PSV[edit]

In the 2006–07 season, Koeman served as head coach of PSV, as successor to Guus Hiddink. PSV dominated the first season half, keeping competitors AZ and Ajax at a reasonable distance, and PSV seemed almost destined to become champions again. PSV, however, suffered in the second half of the season, also because of injuries of players Jefferson Farfán, Alex and Ibrahim Afellay, obtaining only 19 out 39 possible points.[17] AZ and Ajax regained their momentum, making for a close finish, with all three teams tied at 72 points before the last competition day. AZ played struggling Excelsior in their final match, but did not manage to win. Ajax played at Willem II, but did not score enough goals; it was PSV eventually who triumphed, winning at home 5–1 against Vitesse Arnhem, and thereby becoming Eredivisie champions, one goal ahead of Ajax.

Valencia[edit]

On 31 October 2007, Koeman agreed to be the new coach of Valencia after the sacking of Quique Sánchez Flores, starting on 5 November 2007.[18] With Valencia, he won the 2007–08 Copa del Rey, a tournament he previously won as a player with Barcelona. This was Valencia's first Copa del Rey since 1999.[19] The remainder of his tenure at Valencia would prove disappointing: the team would slump to 15th in the league, only two points above the relegation zone, as well as finishing bottom of their Champions League group. A 5–1 defeat by Athletic Bilbao would prove the final straw for Koeman's time with Valencia. He was sacked the following day, on 21 April 2008.[19]

Koeman with Feyenoord.

AZ[edit]

Koeman was appointed manager of AZ on 18 May 2009,[20] after Louis van Gaal, who won the 2008–09 Eredivisie with AZ, joined Bayern Munich. On 5 December 2009, AZ announced that Koeman no longer was in charge of AZ, after losing 7 of the first 16 games in the Dutch competition.[21]

Feyenoord[edit]

On 21 July 2011, Koeman was appointed manager of Feyenoord, signing a one-year contract with the Dutch club as replacement for outgoing trainer Mario Been.[22] Through this appointment, Koeman has notably become the first man ever to serve as both player and head coach at all teams of the so-called "traditional big three" of Dutch football – Ajax, Feyenoord and PSV.[23] Moreover, he has completed this in the same order as player and as manager. At the beginning of 2012, it was announced that his contract was extended. In February 2014, Koeman announced that he would leave his position at Feyenoord at the end of the 2013−14 season to pursue other ambitions.[24]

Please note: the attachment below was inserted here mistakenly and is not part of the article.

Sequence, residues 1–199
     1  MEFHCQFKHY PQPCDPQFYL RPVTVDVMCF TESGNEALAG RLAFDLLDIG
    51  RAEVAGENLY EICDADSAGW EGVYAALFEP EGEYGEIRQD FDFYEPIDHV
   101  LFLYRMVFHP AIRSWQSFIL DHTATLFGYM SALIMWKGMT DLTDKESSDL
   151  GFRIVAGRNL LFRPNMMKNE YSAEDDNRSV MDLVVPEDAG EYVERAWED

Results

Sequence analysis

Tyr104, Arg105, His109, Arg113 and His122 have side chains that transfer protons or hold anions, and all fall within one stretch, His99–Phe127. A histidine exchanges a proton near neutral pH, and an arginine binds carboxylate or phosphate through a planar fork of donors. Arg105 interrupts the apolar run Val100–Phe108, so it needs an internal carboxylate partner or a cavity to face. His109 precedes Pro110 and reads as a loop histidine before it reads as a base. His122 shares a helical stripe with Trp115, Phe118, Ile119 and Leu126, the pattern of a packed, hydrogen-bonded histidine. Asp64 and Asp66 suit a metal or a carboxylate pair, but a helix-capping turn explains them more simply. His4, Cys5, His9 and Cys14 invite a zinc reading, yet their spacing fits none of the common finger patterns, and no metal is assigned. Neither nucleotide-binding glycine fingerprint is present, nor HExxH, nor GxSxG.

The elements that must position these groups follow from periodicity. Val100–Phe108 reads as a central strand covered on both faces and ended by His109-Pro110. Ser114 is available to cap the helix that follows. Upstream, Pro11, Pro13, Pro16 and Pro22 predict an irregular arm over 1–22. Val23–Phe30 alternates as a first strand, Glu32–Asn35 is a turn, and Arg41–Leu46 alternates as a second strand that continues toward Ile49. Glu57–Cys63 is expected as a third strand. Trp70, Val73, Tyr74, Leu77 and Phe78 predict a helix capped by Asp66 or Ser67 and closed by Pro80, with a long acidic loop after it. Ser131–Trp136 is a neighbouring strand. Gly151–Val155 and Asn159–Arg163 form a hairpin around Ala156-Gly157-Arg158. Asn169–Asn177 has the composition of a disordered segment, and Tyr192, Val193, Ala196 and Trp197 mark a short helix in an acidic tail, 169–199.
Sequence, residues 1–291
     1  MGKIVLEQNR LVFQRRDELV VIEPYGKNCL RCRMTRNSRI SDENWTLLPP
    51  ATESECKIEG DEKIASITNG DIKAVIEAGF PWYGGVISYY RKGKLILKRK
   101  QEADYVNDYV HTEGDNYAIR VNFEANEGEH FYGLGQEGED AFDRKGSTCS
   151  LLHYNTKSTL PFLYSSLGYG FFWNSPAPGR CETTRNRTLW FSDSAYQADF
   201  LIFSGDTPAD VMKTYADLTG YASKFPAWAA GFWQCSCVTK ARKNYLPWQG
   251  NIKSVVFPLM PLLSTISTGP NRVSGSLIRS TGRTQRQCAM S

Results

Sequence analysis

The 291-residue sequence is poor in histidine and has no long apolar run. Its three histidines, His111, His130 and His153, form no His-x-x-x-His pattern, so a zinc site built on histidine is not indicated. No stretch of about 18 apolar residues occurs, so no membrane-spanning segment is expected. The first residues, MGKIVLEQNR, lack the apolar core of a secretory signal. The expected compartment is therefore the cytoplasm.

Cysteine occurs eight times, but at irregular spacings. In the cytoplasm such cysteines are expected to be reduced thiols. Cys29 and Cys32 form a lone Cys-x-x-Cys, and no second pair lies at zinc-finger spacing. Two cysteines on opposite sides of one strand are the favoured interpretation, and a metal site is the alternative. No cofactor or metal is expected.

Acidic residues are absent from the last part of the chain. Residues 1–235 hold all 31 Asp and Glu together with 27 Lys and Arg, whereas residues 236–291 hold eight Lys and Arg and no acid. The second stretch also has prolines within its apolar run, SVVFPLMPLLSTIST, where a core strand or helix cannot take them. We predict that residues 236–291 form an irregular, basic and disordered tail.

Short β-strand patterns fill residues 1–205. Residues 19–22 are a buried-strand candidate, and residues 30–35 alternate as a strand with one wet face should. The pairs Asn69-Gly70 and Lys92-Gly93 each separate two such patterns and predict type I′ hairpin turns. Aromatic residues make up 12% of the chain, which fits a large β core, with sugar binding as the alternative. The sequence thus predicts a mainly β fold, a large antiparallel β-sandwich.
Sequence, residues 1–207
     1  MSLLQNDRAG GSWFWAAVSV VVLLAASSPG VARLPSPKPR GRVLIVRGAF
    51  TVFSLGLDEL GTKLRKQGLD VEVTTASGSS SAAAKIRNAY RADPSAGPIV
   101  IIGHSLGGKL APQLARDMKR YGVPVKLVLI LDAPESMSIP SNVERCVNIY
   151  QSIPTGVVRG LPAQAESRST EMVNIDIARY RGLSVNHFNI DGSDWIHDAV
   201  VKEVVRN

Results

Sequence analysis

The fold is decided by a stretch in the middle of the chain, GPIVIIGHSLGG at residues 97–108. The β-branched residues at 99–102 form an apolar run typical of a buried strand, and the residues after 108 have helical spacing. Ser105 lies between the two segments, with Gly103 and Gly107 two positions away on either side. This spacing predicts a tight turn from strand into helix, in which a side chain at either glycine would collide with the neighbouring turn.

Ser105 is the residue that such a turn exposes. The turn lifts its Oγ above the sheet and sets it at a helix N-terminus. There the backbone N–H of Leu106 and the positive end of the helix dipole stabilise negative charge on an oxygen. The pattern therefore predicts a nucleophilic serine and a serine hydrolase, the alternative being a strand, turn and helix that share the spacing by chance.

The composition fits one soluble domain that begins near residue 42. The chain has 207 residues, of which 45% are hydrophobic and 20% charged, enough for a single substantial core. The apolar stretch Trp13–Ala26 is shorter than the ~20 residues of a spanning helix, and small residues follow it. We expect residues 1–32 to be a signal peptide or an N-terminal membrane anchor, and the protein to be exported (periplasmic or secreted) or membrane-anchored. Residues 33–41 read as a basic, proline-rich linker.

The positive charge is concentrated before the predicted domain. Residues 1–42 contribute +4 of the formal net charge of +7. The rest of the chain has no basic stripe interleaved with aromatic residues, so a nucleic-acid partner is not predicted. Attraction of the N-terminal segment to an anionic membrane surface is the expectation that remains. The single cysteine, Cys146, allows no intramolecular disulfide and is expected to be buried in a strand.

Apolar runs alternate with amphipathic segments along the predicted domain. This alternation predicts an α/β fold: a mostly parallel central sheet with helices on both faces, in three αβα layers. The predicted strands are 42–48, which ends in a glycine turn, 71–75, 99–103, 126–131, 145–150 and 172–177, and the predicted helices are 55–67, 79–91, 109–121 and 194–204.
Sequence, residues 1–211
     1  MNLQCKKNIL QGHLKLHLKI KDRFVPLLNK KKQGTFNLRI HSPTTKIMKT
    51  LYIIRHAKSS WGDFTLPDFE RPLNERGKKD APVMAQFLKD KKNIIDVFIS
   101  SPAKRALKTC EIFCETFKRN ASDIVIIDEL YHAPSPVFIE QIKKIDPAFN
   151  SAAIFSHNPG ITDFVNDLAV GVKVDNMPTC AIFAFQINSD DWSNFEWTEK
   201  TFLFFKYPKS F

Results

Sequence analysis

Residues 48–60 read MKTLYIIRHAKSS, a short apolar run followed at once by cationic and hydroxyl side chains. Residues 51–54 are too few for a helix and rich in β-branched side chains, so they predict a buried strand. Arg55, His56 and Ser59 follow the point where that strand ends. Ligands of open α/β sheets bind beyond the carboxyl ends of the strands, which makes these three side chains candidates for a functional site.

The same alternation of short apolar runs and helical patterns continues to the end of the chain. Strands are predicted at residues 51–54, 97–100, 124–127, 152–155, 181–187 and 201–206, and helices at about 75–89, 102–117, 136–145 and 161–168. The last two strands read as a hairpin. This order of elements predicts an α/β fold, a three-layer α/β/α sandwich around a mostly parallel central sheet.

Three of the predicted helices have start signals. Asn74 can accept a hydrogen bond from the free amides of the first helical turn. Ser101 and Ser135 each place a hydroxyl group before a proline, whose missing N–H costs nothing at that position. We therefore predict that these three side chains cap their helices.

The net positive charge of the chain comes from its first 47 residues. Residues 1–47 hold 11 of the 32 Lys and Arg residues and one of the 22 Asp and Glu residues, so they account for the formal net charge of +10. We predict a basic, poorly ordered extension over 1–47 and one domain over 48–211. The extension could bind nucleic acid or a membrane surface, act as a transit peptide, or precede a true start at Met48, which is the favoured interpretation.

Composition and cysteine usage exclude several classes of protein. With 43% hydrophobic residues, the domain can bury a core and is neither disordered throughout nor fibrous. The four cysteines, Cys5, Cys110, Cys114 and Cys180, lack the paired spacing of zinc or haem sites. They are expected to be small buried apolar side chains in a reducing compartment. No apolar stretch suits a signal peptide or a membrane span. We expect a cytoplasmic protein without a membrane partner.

Southampton[edit]

Koeman as a Southampton coach in September 2014.

In June 2014, Koeman was announced as the replacement for Southampton manager Mauricio Pochettino, signing a three-year deal with the club.[25] In his first six Premier League games in charge of the club, Koeman managed four wins, a draw and a defeat, propelling Southampton to second place in the league standings and resulting in Koeman being named Premier League Manager of the Month for September.[26][27] He was named Manager of the Month for a second time in January 2015,[28] and led Southampton to a seventh-place finish at the end of the season.[29]

Koeman won his third Premier League Manager of the Month for January 2016,[30] on the way to Southampton's highest ever Premier League finish, sixth place, highest ever Premier League points total, 63, and qualification for the group stage of the UEFA Europa League.[31]

Everton[edit]

On 14 June 2016, Koeman was confirmed as manager of Everton, signing a three-year contract.[32]

Personal life[edit]

Koeman married Bartina Koeman in 1985. They have three children, two sons (named Tim and Ronald) and one daughter (named Debbie).[33] His brother Erwin works alongside him as the assistant head coach at Everton.

Statistics[edit]

[34][35][36][37][38]

Club performance League Cup Super Cup Continental Other Total
Season Club Division Apps Goals Apps Goals Apps Goals Apps Goals Apps Goals Apps Goals
Netherlands League KNVB Cup Super Cup Europe Other[n 1] Total
1980–81 Groningen Eredivisie 24 4 3 2 27 6
1981–82 33 14 1 0 34 15
1982–83 33 14 4 0 37 14
1983–84 Ajax 32 7 4 2 2 0 38 9
1984–85 30 9 2 1 4 3 36 13
1985–86 32 7 6 1 2 0 40 8
1986–87 PSV 34 16 3 3 2 0 39 19
1987–88 32 21 6 4 8 1 46 26
1988–89 32 14 6 1 4 2 3 1 45 18
Spain League Copa del Rey Supercopa Europe Other[n 2] Total
1989–90 Barcelona La Liga 36 14 7 4 4 1 1 0 48 19
1990–91 21 6 4 2 0 0 7 4 32 12
1991–92 35 16 2 0 1 0 11 1 49 17
1992–93 33 11 3 0 1 0 3 0 3 0 43 11
1993–94 35 11 2 0 1 0 12 8 50 19
1994–95 32 9 1 0 1 0 8 1 42 10
Netherlands League KNVB Cup Super Cup Europe Other Total
1995–96 Feyenoord Eredivisie 31 10 3 1 1 0 7 3 42 14
1996–97 30 9 2 0 5 0 37 9
Total Netherlands 343 126 40 15 1 0 34 9 3 1 421 151
Spain 192 67 19 6 4 0 45 15 4 0 264 88
Career total 535 193 59 21 5 0 79 24 7 1 685 239

[39]

Netherlands national team
Year Apps Goals
1983 6 1
1984 1 0
1985 1 0
1986 6 0
1987 7 2
1988 10 1
1989 8 3
1990 9 3
1991 4 0
1992 12 0
1993 5 2
1994 9 2
Total 78 14

International goals[edit]

Managerial statistics[edit]

As of 24 September 2016[34][41]
Team From To Record
G W D L GF GA +/- Win %
Vitesse 1 January 2000 2 December 2001 79 40 23 16 132 77 +55 50.63